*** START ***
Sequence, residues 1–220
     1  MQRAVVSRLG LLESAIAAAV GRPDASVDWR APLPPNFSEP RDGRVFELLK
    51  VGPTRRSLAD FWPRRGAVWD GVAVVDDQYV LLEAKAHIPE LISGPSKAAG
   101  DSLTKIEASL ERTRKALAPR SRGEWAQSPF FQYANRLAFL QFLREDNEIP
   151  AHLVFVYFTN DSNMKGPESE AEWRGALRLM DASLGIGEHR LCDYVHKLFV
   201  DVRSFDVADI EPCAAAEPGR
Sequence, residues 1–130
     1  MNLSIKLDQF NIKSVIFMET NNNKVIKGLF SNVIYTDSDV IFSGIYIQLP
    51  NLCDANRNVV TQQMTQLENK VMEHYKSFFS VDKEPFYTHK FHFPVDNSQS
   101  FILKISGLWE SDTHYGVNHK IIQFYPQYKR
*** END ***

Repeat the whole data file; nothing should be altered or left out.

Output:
Sequence, residues 1–220
     1  MQRAVVSRLG LLESAIAAAV GRPDASVDWR APLPPNFSEP RDGRVFELLK
    51  VGPTRRSLAD FWPRRGAVWD GVAVVDDQYV LLEAKAHIPE LISGPSKAAG
   101  DSLTKIEASL ERTRKALAPR SRGEWAQSPF FQYANRLAFL QFLREDNEIP
   151  AHLVFVYFTN DSNMKGPESE AEWRGALRLM DASLGIGEHR LCDYVHKLFV
   201  DVRSFDVADI EPCAAAEPGR
Sequence, residues 1–130
     1  MNLSIKLDQF NIKSVIFMET NNNKVIKGLF SNVIYTDSDV IFSGIYIQLP
    51  NLCDANRNVV TQQMTQLENK VMEHYKSFFS VDKEPFYTHK FHFPVDNSQS
   101  FILKISGLWE SDTHYGVNHK IIQFYPQYKR